Relative clauses

Nesting sumti within sumti goes a long way towards pinning down what exactly we mean; but it's not always going to work. If for example, I have two sisters, I can point out that they are mensi be mi until I'm blue in the face; but that won't go any further towards distinguishing one from the other. What I'd want to do instead is introduce a new bridi into the mix: the sister I'm talking about is the one who doesn't like Ricky Martin, say, or the one you saw at the restaurant last night. Similarly, if I'm talking about two different Pakistani restaurants, pointing out that the type of food they serve is Pakistani (gusta be loi kisto) doesn't go very far in differentiating them; pointing out the one which is north of town, or the one I eat curry at, does.

What I want, in other words, are relative clauses. In fact, they are what I've just used in English: phrases like who doesn't like Ricky Martin; [which] I eat curry at; and so on. These clauses contain a verb and nouns in English: they correspond to Lojban bridi, though they might be missing a word or two. What we need in Lojban is some way of connecting a bridi like this to a sumti — without necessarily the peculiarities of words like who and that.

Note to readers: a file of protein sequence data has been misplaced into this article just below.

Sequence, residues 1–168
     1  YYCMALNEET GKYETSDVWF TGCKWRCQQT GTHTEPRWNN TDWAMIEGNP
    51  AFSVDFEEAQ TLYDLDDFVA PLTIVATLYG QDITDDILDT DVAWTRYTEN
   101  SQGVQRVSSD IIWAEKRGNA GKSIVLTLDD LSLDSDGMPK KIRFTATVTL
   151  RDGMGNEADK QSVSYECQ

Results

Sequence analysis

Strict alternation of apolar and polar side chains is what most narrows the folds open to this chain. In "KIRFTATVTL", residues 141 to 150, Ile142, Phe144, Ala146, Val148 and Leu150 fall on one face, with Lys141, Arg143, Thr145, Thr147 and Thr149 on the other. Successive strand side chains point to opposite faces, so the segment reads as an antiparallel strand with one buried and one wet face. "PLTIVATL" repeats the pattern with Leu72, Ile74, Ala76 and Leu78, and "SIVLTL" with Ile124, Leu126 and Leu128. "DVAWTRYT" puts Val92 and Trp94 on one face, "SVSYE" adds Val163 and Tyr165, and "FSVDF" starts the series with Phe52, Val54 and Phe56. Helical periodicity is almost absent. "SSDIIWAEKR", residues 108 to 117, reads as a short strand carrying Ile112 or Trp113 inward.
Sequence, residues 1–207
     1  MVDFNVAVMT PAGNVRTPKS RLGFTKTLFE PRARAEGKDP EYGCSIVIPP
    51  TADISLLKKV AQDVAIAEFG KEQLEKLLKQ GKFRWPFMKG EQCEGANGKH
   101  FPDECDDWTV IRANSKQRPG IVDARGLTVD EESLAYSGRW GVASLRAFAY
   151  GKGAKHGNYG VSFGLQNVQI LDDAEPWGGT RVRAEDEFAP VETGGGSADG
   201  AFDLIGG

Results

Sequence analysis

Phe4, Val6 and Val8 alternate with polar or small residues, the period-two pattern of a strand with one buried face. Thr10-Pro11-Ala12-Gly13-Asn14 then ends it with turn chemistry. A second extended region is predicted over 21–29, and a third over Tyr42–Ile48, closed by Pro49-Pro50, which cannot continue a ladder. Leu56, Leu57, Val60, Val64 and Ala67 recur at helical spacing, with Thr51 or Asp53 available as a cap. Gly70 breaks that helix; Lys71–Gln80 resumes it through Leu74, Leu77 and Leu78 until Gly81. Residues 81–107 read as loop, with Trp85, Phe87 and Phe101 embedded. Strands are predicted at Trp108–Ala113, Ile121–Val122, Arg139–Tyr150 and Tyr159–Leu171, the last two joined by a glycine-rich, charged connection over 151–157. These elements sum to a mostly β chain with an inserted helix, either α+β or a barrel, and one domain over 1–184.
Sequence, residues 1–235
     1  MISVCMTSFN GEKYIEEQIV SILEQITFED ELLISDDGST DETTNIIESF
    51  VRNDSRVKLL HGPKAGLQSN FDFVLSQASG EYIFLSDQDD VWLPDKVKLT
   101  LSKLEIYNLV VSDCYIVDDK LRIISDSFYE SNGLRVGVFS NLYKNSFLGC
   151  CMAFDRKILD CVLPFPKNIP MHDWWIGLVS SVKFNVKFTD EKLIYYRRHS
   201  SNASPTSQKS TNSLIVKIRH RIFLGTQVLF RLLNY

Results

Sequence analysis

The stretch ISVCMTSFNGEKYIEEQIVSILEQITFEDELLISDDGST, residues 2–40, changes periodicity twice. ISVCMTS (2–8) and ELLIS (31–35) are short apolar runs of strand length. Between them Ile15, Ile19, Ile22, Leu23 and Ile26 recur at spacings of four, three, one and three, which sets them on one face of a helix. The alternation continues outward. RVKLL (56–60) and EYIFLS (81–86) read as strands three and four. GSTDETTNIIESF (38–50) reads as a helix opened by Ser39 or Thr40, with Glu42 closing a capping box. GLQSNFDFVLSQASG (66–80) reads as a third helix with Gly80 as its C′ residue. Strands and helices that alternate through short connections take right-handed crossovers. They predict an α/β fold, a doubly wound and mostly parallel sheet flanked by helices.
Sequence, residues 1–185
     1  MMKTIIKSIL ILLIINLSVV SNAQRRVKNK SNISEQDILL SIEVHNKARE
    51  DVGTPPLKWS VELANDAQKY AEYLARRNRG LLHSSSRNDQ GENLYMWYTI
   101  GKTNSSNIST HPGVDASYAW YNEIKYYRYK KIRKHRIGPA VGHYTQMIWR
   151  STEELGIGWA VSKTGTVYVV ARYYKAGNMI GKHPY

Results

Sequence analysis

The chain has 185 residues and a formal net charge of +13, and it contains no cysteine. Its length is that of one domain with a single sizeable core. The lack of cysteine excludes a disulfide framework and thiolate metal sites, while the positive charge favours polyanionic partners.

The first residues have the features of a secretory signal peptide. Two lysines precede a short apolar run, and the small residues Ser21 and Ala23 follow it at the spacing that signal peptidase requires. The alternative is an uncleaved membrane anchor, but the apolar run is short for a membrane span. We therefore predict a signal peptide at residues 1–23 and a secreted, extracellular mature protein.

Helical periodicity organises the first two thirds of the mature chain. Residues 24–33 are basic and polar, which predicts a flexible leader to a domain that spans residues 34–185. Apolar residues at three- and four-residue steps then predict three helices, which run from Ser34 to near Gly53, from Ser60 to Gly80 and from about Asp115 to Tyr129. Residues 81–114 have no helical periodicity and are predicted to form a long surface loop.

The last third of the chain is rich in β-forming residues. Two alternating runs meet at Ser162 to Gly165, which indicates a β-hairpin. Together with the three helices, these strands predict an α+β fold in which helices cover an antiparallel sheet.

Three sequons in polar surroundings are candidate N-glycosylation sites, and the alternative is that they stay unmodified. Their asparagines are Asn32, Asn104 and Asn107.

Lojban allows this: you connect a relative clause — a bridi narrowing down what a sumti means — by using poi. And just as with nu and its relatives (those other words which nest bridi inside bridi in Lojban), you want a terminator to say "the relative clause is over, the rest of these words belong to the main bridi now." That terminator is ku'o.

So let's try this out. How would we say "You talked to my sister — the one who doesn't like Ricky Martin — about economics"? Let's take it by steps:

do pu tavla le mi mensi loi dinske
You talked to my sister about economics
le mi mensi na nelci la rikis.martin.
My sister does not like Ricky Martin
do pu tavla le mi mensi {poi le mi mensi na nelci la rikis.martin. ku'o} loi dinske
You talked to my sister who doesn't like Ricky Martin about economics

Notice that you needed the ku'o there, to keep the relative clause out of the hair of the main bridi. Otherwise, loi dinske would be a sumti of nelci and not tavla — which is not really what you want. Just as with nu and kei, though, Lojbanists will normally make sure they don't have to use ku'o, by little tricks like making sure the relative clause comes just before cu — which shuts every open clause down.

Here's another example:

mi klama le gusta be loi kisto
I go to the Pakistani restaurant
le gusta be loi kisto cu berti le tcadu
The Pakistani restaurant is north of town
mi klama lo gusta be loi kisto be'o {poi ra berti le tcadu}
I go to the Pakistani restaurant which is north of town